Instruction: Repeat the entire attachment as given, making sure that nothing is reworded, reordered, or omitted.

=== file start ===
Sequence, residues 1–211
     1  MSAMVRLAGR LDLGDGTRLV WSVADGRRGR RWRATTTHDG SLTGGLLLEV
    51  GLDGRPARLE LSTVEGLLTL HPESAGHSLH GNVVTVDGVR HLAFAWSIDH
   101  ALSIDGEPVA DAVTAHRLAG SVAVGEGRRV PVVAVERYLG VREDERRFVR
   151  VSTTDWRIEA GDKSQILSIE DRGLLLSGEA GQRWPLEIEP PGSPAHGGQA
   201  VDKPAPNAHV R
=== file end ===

Sequence, residues 1–211
     1  MSAMVRLAGR LDLGDGTRLV WSVADGRRGR RWRATTTHDG SLTGGLLLEV
    51  GLDGRPARLE LSTVEGLLTL HPESAGHSLH GNVVTVDGVR HLAFAWSIDH
   101  ALSIDGEPVA DAVTAHRLAG SVAVGEGRRV PVVAVERYLG VREDERRFVR
   151  VSTTDWRIEA GDKSQILSIE DRGLLLSGEA GQRWPLEIEP PGSPAHGGQA
   201  VDKPAPNAHV R